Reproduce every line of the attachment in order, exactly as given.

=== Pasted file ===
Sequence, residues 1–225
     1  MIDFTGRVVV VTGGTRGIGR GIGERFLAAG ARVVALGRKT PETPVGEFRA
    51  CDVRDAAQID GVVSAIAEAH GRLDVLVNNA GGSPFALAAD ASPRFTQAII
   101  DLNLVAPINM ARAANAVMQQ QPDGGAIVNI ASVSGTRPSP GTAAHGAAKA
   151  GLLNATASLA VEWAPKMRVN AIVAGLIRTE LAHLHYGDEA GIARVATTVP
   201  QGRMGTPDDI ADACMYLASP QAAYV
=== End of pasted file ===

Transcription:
Sequence, residues 1–225
     1  MIDFTGRVVV VTGGTRGIGR GIGERFLAAG ARVVALGRKT PETPVGEFRA
    51  CDVRDAAQID GVVSAIAEAH GRLDVLVNNA GGSPFALAAD ASPRFTQAII
   101  DLNLVAPINM ARAANAVMQQ QPDGGAIVNI ASVSGTRPSP GTAAHGAAKA
   151  GLLNATASLA VEWAPKMRVN AIVAGLIRTE LAHLHYGDEA GIARVATTVP
   201  QGRMGTPDDI ADACMYLASP QAAYV